The credit crunch may soon hit an already battered
in a place few have considered.
Wall Street is predicting that the nation's largest brokerage franchise may take further body blows on writedowns to mortgage-related debt and funky paper that have already hobbled it and rivals like
(C - Get Report)
and many other financial firms.
Most observers have been searching the nation's largest broker's prodigious holdings in collateralized debt obligations and other esoteric mortgage securities to uncover where it might endure more pain.
But given mounting negative forecasts on delinquencies and foreclosures in higher-quality mortgages such as Alt-A, home-equity lines of credit and consumer credit cards, Merrill's little-known commercial bank subsidiary Merrill Lynch Bank USA may prove a source for worry.
Based in Salt Lake City, Utah, MLB USA collects deposits primarily via so-called cash and dividend sweeps from its retail brokerage customers, because brokers are not allowed to keep on their books cash that is derived, for example, from dividends in client accounts.
Merrill's bank arm serves as a massive source of funding, from its huge brokerage deposit base, and it offers a wide array of loans and services to its customers.
According to public filings, the bank had some $76.5 billion in total assets and a total loan base of about $38.6 billion at the end of last year.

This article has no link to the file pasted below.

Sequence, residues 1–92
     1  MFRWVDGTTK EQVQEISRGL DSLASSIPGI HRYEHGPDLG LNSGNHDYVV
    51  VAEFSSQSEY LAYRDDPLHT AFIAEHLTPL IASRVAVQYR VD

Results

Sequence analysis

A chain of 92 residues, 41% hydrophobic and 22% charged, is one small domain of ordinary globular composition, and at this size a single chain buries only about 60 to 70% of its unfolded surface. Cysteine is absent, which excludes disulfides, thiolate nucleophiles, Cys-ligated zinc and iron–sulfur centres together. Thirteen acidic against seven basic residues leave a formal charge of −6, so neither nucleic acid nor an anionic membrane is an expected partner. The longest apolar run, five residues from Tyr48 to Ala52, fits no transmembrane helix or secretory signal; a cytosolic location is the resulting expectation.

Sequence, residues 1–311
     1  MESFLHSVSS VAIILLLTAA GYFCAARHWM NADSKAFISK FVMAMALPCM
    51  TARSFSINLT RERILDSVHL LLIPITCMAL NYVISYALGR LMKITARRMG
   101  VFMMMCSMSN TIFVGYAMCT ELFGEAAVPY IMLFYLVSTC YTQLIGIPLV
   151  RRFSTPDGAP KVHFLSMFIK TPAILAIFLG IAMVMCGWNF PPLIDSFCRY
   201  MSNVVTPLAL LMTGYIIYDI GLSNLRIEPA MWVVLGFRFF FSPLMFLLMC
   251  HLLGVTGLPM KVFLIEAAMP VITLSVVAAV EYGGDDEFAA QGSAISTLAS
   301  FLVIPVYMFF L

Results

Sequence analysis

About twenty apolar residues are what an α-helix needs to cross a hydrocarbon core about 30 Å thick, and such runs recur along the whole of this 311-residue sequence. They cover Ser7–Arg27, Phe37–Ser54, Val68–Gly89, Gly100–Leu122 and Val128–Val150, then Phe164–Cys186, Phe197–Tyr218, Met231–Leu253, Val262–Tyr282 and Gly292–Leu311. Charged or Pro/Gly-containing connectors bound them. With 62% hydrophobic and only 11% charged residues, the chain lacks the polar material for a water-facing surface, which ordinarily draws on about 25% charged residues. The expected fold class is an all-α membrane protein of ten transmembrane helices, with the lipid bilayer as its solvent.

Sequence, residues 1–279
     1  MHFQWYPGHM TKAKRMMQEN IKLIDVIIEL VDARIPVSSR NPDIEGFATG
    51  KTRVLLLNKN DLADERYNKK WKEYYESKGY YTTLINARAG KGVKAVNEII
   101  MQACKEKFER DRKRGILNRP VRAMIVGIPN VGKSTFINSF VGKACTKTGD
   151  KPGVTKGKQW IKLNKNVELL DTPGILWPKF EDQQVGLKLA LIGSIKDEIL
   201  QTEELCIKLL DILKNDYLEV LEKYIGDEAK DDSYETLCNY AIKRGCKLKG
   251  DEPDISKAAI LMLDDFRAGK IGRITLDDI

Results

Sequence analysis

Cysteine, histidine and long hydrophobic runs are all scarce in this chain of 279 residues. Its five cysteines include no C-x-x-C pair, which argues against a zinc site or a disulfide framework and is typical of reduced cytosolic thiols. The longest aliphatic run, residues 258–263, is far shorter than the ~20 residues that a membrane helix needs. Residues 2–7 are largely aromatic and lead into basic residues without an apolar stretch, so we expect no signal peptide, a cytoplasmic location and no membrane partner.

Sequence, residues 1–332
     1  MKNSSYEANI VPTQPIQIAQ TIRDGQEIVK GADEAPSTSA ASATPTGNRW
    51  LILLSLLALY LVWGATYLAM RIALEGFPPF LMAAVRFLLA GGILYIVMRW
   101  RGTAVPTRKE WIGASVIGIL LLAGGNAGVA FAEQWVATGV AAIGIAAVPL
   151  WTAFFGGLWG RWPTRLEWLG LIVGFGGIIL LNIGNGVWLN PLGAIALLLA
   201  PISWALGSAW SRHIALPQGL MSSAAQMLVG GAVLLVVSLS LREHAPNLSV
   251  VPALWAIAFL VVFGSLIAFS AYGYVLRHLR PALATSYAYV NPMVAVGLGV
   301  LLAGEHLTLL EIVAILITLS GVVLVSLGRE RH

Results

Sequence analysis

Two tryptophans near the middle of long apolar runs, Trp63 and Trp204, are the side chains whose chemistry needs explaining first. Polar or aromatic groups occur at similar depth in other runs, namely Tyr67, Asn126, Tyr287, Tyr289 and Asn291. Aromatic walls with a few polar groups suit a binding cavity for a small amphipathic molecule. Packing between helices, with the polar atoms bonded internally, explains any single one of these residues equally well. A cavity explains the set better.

About $20 billion of those assets are in the form of mortgage-backed securities; about $11 billion on loans secured by real estate; and a combined $25 billion in commercial and industrial loans, as well as student loans and revolving credit cards.
Standard & Poor's analyst Scott Sprinzen wrote in a recent report that MLB USA and another of Merrill's bank subsidiaries, Merrill Lynch Bank & Trust Co. FSB, suffered during the past year because the latter served as "a platform for Merrill to expand its presence in U.S. subprime mortgage origination," while MLB USA has "acted as a liquidity provider to various Merrill established asset-backed commercial paper conduits." S&P rates both Merrill subs AA-/A-1+ with an outlook negative.
"In the case of [Merrill], mostly these are provided to its own retail customers and tends to be higher quality," Sprinzen adds.
That said, the problem for banks in general is that what began last summer as a subprime crisis -- involving debt extended to borrowers with shaky credit -- has morphed into what many people now consider a full-blown recession, in which even higher credit quality assets have fallen in value and the risk of mortgage and other loan defaults are mounting.
A Merrill spokeswoman declined to comment.
"It's going to be a source of earnings pressure; no question they will face some increase in loss experience," Sprinzen adds. "We really view Merrill Lynch's banks as intricately connected with the rest of [Merrill Lynch]." He adds that Merrill Lynch might raise additional capital or buy problem assets from its banks, if a problem arises and asset quality begins to deteriorate.